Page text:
I always chuckle when somebody stipulates that wearing one’s own hair on their head naturally is a “fad”. Natural hair is nothing short of revolutionary, it is nothing less than a powerful affirmation of one’s African origins. These origins are nothing to be ashamed about, or to hide. It is a fact to be proud of, to be empowered by.

   And I love the natural hair movement. I love having shelves of natural hair milks, raw Shea butter and silk bonnets that are specifically meant for my hair. I love deep conditioning my hair on a Saturday night, knowing I am receiving hair care tips meant to teach and empower me from natural hair mavens on social media. I love all the blogs and my beautiful sisters dedicated to their natural hair: from Nairobi to Houston, from product junkies to hair minimalists. I love the militantly natural sister and brothers, my comrades; and I love my sisters and brothers who are trying this out–dipping their feet in the water.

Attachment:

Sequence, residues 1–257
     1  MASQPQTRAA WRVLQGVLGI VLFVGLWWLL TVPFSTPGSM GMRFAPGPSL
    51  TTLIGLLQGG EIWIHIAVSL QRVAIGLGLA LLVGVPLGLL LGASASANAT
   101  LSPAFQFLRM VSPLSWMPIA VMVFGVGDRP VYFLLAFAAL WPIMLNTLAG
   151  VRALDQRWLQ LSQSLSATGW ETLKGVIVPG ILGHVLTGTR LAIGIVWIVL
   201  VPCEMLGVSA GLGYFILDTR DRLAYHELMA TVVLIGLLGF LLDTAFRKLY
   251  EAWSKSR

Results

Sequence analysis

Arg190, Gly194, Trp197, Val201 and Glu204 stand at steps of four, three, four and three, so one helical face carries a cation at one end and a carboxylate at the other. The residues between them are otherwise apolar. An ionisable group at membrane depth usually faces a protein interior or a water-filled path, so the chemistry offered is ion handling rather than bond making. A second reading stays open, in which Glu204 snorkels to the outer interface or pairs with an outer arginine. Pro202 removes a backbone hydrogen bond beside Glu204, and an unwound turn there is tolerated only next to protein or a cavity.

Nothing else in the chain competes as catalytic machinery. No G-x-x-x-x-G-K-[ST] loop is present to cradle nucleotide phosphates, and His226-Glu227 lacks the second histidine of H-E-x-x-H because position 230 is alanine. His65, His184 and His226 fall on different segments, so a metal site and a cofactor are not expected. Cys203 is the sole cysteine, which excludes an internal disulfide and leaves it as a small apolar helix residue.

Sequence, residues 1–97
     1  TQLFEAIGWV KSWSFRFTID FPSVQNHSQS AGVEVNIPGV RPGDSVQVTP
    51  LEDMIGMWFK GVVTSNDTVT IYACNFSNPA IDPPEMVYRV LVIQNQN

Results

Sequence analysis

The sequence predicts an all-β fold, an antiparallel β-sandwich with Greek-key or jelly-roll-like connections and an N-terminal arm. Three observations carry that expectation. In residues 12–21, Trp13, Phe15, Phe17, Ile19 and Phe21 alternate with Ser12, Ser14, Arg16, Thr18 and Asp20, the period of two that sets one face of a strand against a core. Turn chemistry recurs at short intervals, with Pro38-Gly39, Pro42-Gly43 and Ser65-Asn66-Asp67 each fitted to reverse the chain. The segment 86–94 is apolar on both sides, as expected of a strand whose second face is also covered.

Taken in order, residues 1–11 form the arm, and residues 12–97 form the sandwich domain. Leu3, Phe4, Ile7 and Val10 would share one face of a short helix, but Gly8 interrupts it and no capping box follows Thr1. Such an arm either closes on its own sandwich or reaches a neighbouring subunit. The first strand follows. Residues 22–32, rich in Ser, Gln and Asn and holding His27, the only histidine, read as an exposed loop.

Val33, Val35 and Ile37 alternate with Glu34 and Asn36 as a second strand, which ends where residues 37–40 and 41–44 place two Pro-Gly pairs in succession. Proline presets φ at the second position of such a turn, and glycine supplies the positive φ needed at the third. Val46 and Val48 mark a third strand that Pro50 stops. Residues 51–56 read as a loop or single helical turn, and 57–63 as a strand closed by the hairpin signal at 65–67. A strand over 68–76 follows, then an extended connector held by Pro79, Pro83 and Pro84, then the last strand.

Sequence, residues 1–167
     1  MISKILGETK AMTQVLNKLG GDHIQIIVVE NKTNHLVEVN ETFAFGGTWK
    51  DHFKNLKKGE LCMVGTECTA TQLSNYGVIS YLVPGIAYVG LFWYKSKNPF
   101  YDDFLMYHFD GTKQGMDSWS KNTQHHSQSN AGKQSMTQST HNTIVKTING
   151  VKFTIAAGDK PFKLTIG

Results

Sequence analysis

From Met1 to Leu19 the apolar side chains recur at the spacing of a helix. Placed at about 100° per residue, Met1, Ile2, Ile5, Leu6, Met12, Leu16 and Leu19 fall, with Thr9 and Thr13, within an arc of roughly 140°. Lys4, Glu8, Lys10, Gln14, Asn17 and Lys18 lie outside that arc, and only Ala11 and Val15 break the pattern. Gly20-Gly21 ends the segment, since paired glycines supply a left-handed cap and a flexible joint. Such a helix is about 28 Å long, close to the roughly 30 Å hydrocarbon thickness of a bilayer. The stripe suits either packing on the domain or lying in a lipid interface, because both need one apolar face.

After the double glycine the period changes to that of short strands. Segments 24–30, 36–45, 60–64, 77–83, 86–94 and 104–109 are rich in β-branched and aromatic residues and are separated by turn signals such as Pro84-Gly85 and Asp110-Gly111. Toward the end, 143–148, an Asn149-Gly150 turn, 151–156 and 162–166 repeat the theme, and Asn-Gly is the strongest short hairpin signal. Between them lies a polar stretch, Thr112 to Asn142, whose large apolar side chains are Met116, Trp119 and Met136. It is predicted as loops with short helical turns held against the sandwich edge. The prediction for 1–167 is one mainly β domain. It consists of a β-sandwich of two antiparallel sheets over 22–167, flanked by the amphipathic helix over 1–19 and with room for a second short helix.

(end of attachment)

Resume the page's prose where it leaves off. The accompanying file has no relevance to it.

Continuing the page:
I love the way we defend small, Black businesses. And how we are creating an environment of self-love and self-acceptance, of solidarity and unity with each other and a strong, united front. I love how we educate and celebrate each hair type instead of perpetuating the “good hair” myth. Our crowns have been scorned and  locked away for so long, but we are liberating ourselves.